Local Government

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what FIFA has shown us about decentralised democratic systems

The global soccer fraternity was shaken in 2015 when the US Department of Justice (DOJ) decided to charge and arrest high ranking FIFA executives for “rampant, systemic, and deep-rooted” corruption. Where the FIFA saga becomes more disturbing is that the electoral system and its concomitant outcomes may in certain circumstances be not too dissimilar to national electoral systems and their outcomes, particularly in a decentralised democracy such as our own. Funds transferred from national government that are meant for economic development can become particularly fungible when expenditure decisions and accountability are similarly decentralised.

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The descent into darkness: chronicles of a South African electricity consumer

It’s a Sunday evening and now 30 hours into a power outage. I would have been happy with load shedding. At least, those power cuts last for two hours and there is a defined start and end to it. But in my case, the problem is bigger. Along with millions of South Africans, I have learnt to accept that load shedding and power outages will become a feature of my life over the next few years. Barring the inconvenience, spoilt food and a rather unproductive weekend, I am not overly annoyed by this power outage. After all, it’s been a while since I last drafted a note by candlelight.

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What Zimbabwe’s new constitution means for provincial leadership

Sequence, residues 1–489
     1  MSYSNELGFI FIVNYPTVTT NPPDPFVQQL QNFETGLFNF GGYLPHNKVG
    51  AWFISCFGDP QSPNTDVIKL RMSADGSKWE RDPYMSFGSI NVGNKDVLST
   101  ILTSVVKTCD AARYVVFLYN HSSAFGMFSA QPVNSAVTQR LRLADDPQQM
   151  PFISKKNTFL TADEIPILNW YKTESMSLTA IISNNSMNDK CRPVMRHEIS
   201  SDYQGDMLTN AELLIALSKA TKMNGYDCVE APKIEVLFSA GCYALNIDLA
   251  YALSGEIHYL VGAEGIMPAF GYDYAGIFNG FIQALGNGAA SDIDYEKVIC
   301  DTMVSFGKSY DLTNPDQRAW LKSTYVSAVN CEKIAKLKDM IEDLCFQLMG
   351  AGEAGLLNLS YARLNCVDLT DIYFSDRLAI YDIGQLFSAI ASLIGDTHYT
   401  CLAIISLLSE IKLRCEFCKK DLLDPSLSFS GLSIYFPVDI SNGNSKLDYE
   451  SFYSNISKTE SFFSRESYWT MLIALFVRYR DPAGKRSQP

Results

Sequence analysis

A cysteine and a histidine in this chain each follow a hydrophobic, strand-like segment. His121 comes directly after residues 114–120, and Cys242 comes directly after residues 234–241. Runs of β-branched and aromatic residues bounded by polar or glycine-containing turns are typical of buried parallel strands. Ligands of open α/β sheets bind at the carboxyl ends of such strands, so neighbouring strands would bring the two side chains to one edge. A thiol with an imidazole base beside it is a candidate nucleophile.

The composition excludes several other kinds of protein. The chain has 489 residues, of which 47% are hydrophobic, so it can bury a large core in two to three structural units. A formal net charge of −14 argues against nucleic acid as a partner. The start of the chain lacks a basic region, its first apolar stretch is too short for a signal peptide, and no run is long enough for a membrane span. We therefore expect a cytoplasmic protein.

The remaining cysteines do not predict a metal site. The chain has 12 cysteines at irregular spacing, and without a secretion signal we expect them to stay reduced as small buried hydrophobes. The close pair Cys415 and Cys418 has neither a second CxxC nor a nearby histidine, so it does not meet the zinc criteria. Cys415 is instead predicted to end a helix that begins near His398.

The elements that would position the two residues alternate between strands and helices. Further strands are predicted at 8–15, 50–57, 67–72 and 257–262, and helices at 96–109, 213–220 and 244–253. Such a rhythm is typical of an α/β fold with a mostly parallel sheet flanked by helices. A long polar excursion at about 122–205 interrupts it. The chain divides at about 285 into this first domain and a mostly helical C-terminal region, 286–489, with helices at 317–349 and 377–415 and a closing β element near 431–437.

From its Independence in 1980 until 2008, Zimbabwe was governed by the Lancaster House Constitution, a document that was hurriedly put together as part of the ceasefire agreement. Despite being amended 19 times the Constitution retained centralised power in the national government and the President. The President handpicked provincial governors and the Minister responsible for local government. These presidential appointees not only ran all local government structures but could also dissolve local government structures in the “interests of good governance and public administration”. The new Constitution accepts the principle of devolution, but fails to devolve any specific powers, leaving the definition of roles and responsibilities open to interpretation. Despite a constitutional shift in the right direction, in practical terms, it seems likely that there will be a continuation of the current situation in Zimbabwe, whereby political power remains centralized within the national government.

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Gratuities for municipal councillors: is this justifiable expenditure?

The Medium Term Budget Policy Statement contains a wealth of information on government expenditure. We should all give thanks to the Minister of Finance and his team at the National Treasury for compiling such a comprehensive and transparent document. In the absence of the MTBPS, little known facts might not emerge in the public domain.

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Ward committees as a mechanism for meaningful community participation

It has been just over a month since the local government elections. Results are out and coalition agreements have been negotiated between political parties. In all of this commotion, we have yet to hear about how our newly elected representatives will better serve their communities. Will they improve on the performance of the class of 2006, which saw increasing community dissatisfaction and violent service delivery protests?

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